The formation of low-PV (<2.0 × 10−10 m−1 s−1) water continues until early May when MLD starts to shoal rapidly (not shown). After this time, the outcrop line moves to the north and the mixed layer front shrinks in response to the surface heating. As a result, water entering the thermocline in winter becomes completely shielded from the mixed layer and its variations.

7. Discussion

To have a better understanding of how eddies modify the annual subduction rate, we show below the velocities along two zonal sections within the formation region of the STMW/CMW: one is along 32°N and the other along 42°N. In both of these sections the eddy-induced subduction rate exceeds 100 m yr−1 (Fig. 7a).

In the formation region of the STMW at 32°N, the (zonally smoothed) annual mean velocity consists of a swift and narrow northward flow corresponding to the Kuroshio near the western boundary and a weak and broad southward flow representing the Kuroshio Extension recirculation gyre farther to the east (Fig. 11a). The unsmoothed annual mean velocity, by contrast, is somewhat noisy, with northward and southward flows alternating throughout the section (Fig. 11b). This difference clearly demonstrates the influence of mesoscale eddies with a typical spatial scale of 300–600 km. For each individual month, the smoothed velocity shows essentially the same pattern as that shown in Fig. 11a, while the structure of the unsmoothed field differs one month from another due to the propagation of mesoscale eddies (not shown). The upper-layer (0–500 m) transport through the section varies from about 43 Sv in July to 53 Sv in January (Fig. 12a).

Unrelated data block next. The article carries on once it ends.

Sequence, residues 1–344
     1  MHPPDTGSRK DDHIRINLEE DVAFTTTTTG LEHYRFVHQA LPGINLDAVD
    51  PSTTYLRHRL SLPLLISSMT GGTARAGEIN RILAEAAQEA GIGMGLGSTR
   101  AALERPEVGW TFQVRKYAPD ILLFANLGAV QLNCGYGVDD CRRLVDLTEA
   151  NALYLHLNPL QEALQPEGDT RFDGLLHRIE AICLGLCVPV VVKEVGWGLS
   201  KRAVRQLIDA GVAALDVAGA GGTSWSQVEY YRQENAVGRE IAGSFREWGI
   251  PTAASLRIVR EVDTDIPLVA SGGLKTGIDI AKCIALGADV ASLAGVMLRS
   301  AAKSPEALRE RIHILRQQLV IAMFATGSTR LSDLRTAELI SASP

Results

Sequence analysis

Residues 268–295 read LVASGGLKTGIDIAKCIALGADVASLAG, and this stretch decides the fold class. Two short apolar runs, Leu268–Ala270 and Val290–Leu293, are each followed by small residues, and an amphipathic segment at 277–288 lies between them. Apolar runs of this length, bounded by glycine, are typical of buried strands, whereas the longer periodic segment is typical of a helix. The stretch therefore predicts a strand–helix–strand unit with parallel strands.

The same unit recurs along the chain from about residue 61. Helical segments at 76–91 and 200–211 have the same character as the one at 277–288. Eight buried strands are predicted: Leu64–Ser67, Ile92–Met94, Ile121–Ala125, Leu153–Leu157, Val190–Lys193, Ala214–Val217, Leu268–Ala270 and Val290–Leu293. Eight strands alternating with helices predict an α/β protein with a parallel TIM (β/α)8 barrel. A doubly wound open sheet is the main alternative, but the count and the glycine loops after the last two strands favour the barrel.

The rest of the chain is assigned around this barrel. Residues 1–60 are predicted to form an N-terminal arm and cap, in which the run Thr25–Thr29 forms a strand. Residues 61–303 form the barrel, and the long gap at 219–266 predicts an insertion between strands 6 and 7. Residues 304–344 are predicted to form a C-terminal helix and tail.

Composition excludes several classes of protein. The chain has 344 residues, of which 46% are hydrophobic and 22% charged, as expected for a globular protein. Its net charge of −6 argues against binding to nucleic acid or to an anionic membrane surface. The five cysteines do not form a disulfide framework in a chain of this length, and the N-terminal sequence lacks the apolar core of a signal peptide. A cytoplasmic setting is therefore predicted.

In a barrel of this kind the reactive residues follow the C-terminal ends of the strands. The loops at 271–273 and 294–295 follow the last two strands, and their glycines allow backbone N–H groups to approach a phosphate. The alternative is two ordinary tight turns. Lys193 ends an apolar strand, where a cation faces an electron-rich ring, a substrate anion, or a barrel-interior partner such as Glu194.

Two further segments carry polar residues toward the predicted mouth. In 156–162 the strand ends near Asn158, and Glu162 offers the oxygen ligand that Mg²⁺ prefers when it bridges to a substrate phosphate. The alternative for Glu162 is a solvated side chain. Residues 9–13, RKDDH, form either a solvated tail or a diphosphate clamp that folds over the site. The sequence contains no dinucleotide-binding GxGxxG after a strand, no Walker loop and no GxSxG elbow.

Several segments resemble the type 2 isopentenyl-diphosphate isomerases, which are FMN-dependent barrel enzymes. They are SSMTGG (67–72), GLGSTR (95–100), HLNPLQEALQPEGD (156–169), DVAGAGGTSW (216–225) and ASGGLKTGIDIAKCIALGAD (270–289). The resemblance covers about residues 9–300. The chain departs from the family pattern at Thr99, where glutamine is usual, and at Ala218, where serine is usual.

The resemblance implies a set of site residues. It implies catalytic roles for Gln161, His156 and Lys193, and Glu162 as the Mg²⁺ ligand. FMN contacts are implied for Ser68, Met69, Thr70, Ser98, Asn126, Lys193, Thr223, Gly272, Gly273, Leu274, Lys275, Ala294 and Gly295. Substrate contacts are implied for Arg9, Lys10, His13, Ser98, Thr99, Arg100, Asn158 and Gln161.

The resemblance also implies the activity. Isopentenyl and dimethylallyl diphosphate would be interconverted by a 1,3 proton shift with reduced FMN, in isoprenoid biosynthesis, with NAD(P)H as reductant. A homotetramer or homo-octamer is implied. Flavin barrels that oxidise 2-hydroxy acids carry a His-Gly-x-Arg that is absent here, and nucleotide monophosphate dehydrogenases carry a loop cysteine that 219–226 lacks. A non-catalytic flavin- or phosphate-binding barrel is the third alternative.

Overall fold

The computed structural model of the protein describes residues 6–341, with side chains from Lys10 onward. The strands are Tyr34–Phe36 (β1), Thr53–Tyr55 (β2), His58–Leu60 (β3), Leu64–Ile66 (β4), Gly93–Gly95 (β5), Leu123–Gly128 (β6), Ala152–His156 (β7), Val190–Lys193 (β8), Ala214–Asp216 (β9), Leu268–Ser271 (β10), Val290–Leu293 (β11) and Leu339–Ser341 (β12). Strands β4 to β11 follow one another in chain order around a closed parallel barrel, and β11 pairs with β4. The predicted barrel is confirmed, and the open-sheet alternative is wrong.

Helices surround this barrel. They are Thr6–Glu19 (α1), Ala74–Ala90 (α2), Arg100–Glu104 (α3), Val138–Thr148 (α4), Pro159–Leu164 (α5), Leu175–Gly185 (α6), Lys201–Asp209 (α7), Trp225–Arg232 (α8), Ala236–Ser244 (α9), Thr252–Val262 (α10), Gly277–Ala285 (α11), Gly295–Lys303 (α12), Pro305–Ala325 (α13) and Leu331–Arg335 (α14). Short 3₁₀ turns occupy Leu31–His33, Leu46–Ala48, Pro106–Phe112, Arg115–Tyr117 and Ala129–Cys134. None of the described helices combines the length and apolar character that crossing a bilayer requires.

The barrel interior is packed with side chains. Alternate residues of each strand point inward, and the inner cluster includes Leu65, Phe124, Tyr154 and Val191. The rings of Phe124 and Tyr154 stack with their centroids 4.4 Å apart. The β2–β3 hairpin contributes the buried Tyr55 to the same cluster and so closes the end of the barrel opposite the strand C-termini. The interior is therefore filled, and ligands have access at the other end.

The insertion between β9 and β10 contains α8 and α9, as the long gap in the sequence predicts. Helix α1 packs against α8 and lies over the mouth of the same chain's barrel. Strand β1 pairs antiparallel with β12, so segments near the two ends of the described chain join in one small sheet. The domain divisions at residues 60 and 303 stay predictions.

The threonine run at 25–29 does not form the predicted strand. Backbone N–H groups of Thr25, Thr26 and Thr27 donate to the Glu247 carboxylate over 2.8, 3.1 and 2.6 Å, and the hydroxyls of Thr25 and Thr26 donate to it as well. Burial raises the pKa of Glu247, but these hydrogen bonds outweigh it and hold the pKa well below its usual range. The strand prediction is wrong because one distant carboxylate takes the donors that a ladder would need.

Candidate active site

This seasonal cycle of transport within the Kuroshio Extension recirculation gyre has not been previously reported. To gain a general idea of how representative this model result is, we also calculate the Ekman transport from Hellerman and Rosenstein (1983) wind stress and the geostrophic flow in the upper 500 m from WOA98 by assuming a 2000-db reference level. The result (geostrophic + Ekman) shows a remarkable agreement with that derived from the model (Fig. 12b). In both cases, the flow across the section has a larger southward transport in winter than in summer. In a quantitative sense, however, we notice that the model transport is greater by about 20 Sv than the observed transport. This discrepancy could be interpreted as a result of meridional smoothing used in preparing the climatological dataset. Indeed, if a Gaussian filter with e-folding scale of 1.5° latitude were further applied to the smoothed velocity field in the model, the two transports would become closer. Another possible contribution to this discrepancy is the exclusion of the deep component of the geostrophic calculation.